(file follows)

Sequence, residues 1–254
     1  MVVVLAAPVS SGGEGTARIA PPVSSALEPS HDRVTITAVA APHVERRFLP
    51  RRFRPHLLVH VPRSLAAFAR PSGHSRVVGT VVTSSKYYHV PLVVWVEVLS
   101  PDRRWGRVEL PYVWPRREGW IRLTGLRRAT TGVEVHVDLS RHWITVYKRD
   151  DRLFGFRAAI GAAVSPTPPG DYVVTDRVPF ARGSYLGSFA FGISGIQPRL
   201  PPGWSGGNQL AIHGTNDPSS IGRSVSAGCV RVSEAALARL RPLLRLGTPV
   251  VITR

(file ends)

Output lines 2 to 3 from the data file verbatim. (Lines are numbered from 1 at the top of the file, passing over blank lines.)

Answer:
     1  MVVVLAAPVS SGGEGTARIA PPVSSALEPS HDRVTITAVA APHVERRFLP
    51  RRFRPHLLVH VPRSLAAFAR PSGHSRVVGT VVTSSKYYHV PLVVWVEVLS